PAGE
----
Case Study: Petplan Live!

  //  Mark Ormesher

During my internship at Allianz Petplan I suggested that three unused display screens could be put to better use with a live performance dashboard. After producing design mocks, proposals and presentations, my idea was given the go-ahead and Petplan Live! was born.

The project turned out to be more challenging than expected, forcing me to make use of some very hacky solutions -- did you know you can store data in JavaScript comments?

Petplan Live! on GitHub

Technical Approach and Challenges

Storing Data in Comments


Technical Approach & Challenges

Plan A

My first plan was to use a Ruby backend together with the framework for the dashboard. Unfortunately this turned out to be a dead-end for me: getting a green-light for installing any new software would be a rough and uncertain road, most likely taking me past the end of my internship.

No problem; I can think of another way...

Plan B

Each of the three screens was to have a low-spec PC to drive it, so why not nominate one as a master to host the dashboard and the set up the others as slaves to read and display it? This master/slave arrangement would require nothing more than simple JavaScript and AJAX, so there would be nothing extra to install. Sorted, right? Nope. Getting approval to set up the network between the machines was going to take too long.

Okay, back to the drawing board...

Plan C

After a few more non-starter ideas, I finally arrived at a solution: the entire application (including data) could be stored in a protected folder on the networked drive, the data itself could be stored in JavaScript-readable text files, and to get around the AJAX/local files issue a combination of inline frames and cross-window messaging could provide continually updating data without reloading the page.

That'll work, and it's so hacky it's beautiful.

Storing Data in Comments

The aesthetics of the dashboard are nothing particularly exciting: vanilla HTML and CSS, consistency with the corporate branding, and a few jQuery plugins for the dials. Easy. The fun part was dealing with the data: how do you watch text files for updates and show live data, without reloading the page, when you can't use AJAX?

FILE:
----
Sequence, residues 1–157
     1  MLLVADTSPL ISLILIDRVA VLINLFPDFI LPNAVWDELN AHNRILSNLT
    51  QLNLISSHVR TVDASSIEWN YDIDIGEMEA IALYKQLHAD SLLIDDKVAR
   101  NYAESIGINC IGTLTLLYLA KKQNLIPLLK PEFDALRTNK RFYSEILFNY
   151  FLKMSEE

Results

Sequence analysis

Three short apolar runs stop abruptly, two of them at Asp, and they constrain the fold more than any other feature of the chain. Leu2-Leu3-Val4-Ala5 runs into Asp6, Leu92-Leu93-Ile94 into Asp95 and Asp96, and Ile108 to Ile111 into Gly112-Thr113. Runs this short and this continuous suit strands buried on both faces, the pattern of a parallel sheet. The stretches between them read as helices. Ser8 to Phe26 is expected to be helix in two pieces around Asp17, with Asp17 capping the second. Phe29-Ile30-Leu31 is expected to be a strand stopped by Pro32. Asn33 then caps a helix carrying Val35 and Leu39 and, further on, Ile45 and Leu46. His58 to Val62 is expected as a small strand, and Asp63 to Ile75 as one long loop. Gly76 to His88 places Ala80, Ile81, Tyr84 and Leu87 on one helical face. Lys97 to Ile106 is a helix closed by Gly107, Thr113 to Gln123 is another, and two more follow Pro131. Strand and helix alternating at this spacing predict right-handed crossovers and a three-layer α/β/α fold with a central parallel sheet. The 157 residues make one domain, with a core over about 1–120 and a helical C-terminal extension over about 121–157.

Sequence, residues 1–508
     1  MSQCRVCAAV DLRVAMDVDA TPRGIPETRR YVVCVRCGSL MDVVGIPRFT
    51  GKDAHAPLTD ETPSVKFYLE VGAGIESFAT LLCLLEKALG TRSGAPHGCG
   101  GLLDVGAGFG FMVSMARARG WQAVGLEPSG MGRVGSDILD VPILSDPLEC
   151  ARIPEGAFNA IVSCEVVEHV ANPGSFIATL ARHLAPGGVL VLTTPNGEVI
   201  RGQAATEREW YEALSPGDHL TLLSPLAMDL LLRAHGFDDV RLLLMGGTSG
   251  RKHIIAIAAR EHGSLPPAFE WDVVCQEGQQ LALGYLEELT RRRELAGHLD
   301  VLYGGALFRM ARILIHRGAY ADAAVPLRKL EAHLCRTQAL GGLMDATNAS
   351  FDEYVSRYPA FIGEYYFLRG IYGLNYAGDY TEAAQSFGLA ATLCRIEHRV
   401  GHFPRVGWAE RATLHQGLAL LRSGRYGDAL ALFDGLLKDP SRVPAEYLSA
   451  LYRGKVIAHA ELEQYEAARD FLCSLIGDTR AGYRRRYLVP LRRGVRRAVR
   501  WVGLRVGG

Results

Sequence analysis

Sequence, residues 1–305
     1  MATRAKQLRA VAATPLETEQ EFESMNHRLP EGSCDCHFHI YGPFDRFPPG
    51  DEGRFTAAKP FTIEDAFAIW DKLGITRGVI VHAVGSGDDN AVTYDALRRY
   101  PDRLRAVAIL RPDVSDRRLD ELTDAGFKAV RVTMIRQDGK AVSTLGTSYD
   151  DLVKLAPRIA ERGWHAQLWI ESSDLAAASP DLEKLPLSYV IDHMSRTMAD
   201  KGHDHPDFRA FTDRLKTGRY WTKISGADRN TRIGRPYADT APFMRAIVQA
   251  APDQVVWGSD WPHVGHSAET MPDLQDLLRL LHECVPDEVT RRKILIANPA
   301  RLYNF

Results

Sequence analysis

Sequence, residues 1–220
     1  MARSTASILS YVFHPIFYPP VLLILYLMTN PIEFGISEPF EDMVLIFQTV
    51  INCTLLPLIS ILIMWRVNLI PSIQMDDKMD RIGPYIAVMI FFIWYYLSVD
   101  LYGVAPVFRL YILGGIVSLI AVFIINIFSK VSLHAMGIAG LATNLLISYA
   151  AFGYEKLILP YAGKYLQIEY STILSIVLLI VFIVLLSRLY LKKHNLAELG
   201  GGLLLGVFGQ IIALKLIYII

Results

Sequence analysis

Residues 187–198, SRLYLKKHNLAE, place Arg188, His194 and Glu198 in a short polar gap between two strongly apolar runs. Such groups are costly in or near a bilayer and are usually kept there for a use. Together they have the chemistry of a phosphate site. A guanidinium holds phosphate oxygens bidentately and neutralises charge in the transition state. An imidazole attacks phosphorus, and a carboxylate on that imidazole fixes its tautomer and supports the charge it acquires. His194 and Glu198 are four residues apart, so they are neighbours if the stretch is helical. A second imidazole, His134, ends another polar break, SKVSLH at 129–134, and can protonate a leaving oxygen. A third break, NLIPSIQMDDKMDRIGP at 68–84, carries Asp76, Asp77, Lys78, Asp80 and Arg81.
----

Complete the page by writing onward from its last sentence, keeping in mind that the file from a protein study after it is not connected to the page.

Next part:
The answer: you get hacky. After trawling the web, I found that you can store data in JavaScript comments, allowing for a file that looks almost like plain text and not at all like code (if you ignore the first and last lines). The comment goes inside an anonymous function, then the toString() of that function goes through some regex to strip out the content you wanted. It's surprisingly easy:

var textFromComment = (function () {/*

All of this comment text will be stored in the variable above.
For the dashboard, I added some extra code to remove blank
lines, and lines starting with '--'.
That allowed me to give instructions right inside the file, like this:

-- Put the number for the stat below:


Neat trick, right? You can see some example files using this technique in the data folder on GitHub - note the header and footers, and the instructions to staff.


Once I had the data flow down, everything else fell into place with relative ease. As well as the software I produced a user manual that detailed exactly how the board could be updated, and spent one-on-one time with each team leader, training them on how to use the board.

Soon enough, the dashboard was running live on three screens in the office and getting really positive reviews from the team. The team leaders were very impressed with their new-found power to disseminate real-time information, and Hayley Sangan (the deputy department manager), had this to say about my work:

Your most significant contribution was the dashboard, which has enabled us to engage our people in our KPIs with something considerably more exciting than a graph or a report. You've also left it so that we can update it easily and other areas of the business have already seen it and want to replicate it!

I was hugely impressed with your professionalism, work ethic and ability to engage people at various different levels ... I only wish you could have stayed longer!

Read Hayley's full reference